An example of the difficulties of people who stutter in saying their own names (in 4 short parts - all true)
Part I - Clark University, Worcester, Mass., 1973
I was a college freshman, age 19, sitting in the university's pub with another Clark student, a guy who I was meeting for the first time. He told me his name (now long-forgotten), introducing himself. Now it was my turn.
I struggled fiercely, with a huge red-in-the-face eye-bulging ghastly block which must have lasted for nearly a minute, and finally blurted out something that I thought was at least reasonably close to "Paul". (I decided not to even attempt my last name, of course.)
The immediate response from my listener (who I remember as being extraordinarily patient during that long interlude):
" 'Ball'? Your name is 'Ball'? That's unusual! Is that short for 'Balshezzar' or something?"
Part II - International House, University of Chicago, 1980
Seven years later. I was a University of Chicago graduate student, now in my mid-20's. Since the cafeteria at the International House where I lived was closed on Sunday evenings, I generally called to order take-out food on those evenings. Invariably I would be asked my last name - which ("Balshezzar"-type blocks notwithstanding) has always been much more difficult for me than my first name. Because I was never sure if the employee on the other end really understood my name at the completion of my struggles (and also was never really sure how accurate the end result would be), I would normally spell (or attempt to spell) my last name immediately after attempting to say it.
On this particular evening, I was calling a fried chicken take-out shack. After placing my order, I was asked the dreaded question: "Your last name?" There ensued a gigantic battle with my vocal mechanism of truly gargantuan proportions (it must have been one of the worst blocks I had ever experienced that entire day), trying to get that name out, or at least some reasonable facsimile thereof. Many gasps and gargle sounds later, I finally succeeded in emitting two syllables which I thought were a reasonable approximation of "Goldstein". Triumphantly, I then immediately started to spell it.
"That's all right. I've got it!" declared the employee, cutting off my desperate attempt to finish spelling my last name before the next block hit.
Of course, I wondered what exactly it was that he "got". I received my answer a half-hour later when I walked down to the chicken shack to pick up my order.
I arrived at the chicken shack, and attempted once again to say my last name. As soon as I opened my mouth and started blocking, the employee (the same guy who I "talked to" on the phone) immediately knew who I was. He brought out my order. Attached to the box was an order slip with the name "Gooblstone".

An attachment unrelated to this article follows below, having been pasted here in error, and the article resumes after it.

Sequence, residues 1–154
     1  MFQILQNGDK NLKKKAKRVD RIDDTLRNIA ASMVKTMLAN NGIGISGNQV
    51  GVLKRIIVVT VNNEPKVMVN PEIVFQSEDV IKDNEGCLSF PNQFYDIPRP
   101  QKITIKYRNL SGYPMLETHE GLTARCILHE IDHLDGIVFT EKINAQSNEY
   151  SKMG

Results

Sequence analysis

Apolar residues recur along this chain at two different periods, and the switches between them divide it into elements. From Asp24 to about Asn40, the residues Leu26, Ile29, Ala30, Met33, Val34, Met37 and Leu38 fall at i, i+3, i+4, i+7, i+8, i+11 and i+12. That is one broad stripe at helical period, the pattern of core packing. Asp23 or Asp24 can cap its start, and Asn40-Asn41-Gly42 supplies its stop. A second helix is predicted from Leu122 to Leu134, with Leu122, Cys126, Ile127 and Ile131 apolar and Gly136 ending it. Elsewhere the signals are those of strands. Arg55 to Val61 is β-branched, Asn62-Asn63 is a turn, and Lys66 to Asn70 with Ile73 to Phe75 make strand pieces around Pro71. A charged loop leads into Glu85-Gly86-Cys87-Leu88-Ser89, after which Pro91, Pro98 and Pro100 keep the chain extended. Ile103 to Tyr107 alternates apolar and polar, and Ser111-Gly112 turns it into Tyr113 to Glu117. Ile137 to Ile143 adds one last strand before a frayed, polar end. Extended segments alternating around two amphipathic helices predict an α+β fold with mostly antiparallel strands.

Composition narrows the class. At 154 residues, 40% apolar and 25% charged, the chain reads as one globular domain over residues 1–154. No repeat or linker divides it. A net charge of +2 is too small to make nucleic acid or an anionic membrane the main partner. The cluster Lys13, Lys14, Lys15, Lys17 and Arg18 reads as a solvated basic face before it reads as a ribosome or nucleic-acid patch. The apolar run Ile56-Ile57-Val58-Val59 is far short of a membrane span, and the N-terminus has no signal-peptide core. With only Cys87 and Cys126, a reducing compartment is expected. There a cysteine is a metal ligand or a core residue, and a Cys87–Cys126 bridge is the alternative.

Part III - At a motel pool near Hollins College, Roanoke, Va., July 1985
Five years later .... Now past age 30, I had gone through the Precision Fluency Shaping Program the previous autumn at the Hollins Communications Research Institute in Roanoke. I was still basking in glorious fluency, and was back at the Institute for my first reunion (an annual weekend that I would attend for 17 straight years).
Many reunion attendees, staying at a nearby Howard Johnson's motel (today long gone, along with my fluency), were enjoying a poolside party on that hot summer evening. The reunion itself wouldn't start until the following morning, so the first-time attendees like myself were unknown to most of the others. I introduced myself. Using the targets I had learned, I fluently said my name: "Paul Goldstein". No "Balshezzar"-type or "Gooblstone"-type block this time.
Then I told my listeners how difficult it had been to say my name in the past, and to illustrate my point with (a purely retrospective) wicked delight, launched into my "Balshezzar" and "Gooblstone" vignettes, putting those two little stories from my life together for the first time. Then at the end, I announced, "So I guess my name must be - Balshezzar Gooblstone!"
Part IV - At a motel restaurant near Hollins College, Roanoke, Va., July 1985
It was the following morning, just before the scheduled beginning of the reunion activities. I'm not a breakfast person at all, but I decided to join other reunion attendees for a breakfast at the motel restaurant. Many of the attendees I had first met the previous evening were sitting at a long table, enjoying their food (and in most cases, their fluency).
A few seats away across the table from me sat a young couple who recognized me from the previous evening, and had heard part of my "Balshezzar Gooblstone" speech.
I knew they hadn't heard the speech in its entirety, as one of them remarked to everyone within listening range, "Have you all here met Balshezzar Gooblstone? Boy, did he use to have one hell of a time saying his name!"
A moment later, there was a response from someone else sitting nearby.
" 'Balshezzar Gooblstone'? Whew! ... And I thought my own name was difficult!!"